The trailing spouse : a qualitative study looking into the expectations and reality of expatriate life in Shanghai, China : a thesis presented in partial fulfilment of the requirements for the degree of Master of Arts in Psychology at Massey University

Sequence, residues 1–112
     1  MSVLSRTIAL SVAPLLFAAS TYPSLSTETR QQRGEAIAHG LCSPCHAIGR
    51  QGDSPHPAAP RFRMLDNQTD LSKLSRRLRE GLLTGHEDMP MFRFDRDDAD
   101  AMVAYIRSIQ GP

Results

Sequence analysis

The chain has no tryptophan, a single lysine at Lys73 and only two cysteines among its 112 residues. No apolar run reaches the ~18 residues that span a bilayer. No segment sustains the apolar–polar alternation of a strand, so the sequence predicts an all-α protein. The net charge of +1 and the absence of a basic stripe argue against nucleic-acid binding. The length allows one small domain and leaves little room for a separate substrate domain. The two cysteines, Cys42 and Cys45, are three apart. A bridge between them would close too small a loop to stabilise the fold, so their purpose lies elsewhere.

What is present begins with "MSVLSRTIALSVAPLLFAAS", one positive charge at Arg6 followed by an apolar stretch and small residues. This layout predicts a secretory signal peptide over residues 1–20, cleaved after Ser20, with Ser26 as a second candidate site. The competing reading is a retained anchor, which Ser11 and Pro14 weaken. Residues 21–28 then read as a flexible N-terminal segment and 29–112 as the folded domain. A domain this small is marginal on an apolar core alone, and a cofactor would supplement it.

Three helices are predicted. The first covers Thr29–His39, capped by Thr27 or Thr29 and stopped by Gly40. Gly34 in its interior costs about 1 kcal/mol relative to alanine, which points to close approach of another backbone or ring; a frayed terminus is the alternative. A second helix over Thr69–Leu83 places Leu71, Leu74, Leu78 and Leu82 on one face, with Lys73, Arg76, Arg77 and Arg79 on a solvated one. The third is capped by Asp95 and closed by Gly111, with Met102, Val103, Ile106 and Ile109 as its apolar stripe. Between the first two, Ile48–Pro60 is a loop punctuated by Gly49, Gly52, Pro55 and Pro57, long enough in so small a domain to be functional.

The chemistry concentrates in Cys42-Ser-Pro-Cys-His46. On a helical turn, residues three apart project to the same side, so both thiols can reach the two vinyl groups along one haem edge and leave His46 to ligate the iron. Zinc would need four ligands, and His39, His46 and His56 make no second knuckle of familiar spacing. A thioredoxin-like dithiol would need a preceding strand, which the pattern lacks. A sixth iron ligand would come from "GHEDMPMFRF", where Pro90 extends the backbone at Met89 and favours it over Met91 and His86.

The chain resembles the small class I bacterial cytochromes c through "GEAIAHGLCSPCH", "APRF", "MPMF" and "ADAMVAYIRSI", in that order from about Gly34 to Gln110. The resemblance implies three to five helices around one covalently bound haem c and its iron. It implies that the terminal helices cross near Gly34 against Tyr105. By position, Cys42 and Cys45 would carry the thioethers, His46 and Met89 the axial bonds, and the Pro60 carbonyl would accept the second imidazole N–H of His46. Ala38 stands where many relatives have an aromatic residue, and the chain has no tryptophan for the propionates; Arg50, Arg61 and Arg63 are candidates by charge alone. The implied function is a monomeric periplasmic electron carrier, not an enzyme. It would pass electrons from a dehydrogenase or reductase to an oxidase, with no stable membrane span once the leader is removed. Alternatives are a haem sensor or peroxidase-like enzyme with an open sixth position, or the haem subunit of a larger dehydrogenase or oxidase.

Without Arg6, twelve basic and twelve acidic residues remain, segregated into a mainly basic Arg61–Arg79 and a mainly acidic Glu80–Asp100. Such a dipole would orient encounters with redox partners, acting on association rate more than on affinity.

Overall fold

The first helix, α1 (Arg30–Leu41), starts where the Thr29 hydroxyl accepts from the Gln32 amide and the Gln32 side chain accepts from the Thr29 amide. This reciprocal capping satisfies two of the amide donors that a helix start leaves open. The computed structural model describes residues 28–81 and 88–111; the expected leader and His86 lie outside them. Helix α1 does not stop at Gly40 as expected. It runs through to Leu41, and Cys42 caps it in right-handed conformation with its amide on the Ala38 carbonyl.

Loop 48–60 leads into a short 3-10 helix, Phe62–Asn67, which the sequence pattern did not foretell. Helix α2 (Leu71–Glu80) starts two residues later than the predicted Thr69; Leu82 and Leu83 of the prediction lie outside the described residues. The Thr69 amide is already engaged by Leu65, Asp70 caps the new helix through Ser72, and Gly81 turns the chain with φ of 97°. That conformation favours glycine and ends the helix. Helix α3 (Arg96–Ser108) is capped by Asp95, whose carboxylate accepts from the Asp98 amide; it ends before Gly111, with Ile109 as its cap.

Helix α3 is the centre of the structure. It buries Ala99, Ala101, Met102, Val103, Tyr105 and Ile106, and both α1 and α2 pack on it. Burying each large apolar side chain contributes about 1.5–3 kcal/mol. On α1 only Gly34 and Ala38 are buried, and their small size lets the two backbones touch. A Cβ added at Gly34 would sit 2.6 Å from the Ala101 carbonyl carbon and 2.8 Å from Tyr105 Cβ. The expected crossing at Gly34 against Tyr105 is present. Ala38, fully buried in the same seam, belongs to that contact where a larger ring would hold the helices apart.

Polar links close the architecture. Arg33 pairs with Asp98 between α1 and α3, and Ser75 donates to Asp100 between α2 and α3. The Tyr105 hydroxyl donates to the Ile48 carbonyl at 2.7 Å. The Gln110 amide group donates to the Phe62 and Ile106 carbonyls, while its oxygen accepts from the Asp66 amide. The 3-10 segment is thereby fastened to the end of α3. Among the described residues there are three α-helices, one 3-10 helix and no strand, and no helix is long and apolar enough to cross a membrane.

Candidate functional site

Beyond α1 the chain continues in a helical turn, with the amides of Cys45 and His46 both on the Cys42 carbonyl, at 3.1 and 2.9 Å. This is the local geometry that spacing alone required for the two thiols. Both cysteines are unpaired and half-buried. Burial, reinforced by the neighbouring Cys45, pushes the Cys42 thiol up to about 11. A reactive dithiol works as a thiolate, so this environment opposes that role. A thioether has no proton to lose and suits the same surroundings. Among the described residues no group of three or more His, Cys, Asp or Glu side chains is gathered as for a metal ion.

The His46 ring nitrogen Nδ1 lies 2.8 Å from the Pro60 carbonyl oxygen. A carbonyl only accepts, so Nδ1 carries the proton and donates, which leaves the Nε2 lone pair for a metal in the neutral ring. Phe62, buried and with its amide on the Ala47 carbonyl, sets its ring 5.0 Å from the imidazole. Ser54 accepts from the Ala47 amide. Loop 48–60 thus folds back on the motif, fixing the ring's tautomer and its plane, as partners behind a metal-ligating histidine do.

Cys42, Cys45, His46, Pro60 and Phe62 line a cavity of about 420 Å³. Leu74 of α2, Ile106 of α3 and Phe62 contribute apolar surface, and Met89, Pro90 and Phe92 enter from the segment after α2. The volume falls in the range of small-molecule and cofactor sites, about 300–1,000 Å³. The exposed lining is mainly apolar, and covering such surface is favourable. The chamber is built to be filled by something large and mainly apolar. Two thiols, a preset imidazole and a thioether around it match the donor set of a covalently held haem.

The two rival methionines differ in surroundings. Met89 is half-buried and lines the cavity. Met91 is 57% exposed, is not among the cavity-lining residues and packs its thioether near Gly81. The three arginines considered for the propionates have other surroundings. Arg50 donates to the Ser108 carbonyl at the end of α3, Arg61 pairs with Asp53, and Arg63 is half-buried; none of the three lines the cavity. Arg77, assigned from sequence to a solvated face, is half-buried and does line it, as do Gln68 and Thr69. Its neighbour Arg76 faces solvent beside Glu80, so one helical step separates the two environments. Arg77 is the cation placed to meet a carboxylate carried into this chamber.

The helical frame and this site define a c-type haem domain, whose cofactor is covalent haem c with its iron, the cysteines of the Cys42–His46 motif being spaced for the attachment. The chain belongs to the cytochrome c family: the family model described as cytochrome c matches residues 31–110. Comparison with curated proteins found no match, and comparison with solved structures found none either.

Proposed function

This exploratory study looks at the experiences of eleven female trailing spouses living as expatriates in Shanghai, China. Semi structured interviews were conducted and questions centred around expectations of life as a trailing spouse in Shanghai as compared with their real life experiences. Grounded theory was used to analyse the data and identified five major themes to the study; Identity, Control, Relationships, Culture and Coping Mechanisms. Analysis found that many accompanying spouses were dissatisfied with the support given by the company during the relocation process. It was felt that companies could significantly improve on their procedures and processes by investing more time and money into their staff before sending them overseas. Analysis also showed that some female trailing spouses experience a loss in identity, self-esteem and self-confidence during the initial stages of relocating. Without suitable support and information these feelings can linger and be the cause of premature repatriation for the family. Learning the local language, having a purpose during the stay and getting involved with social groups aided in minimising this identity crisis and seems to play an invaluable role in successful adjustment in a foreign environment. This study contributes to highlighting the complexity of living abroad and the importance organisations should place on considering the spouse and family members when relocating employees.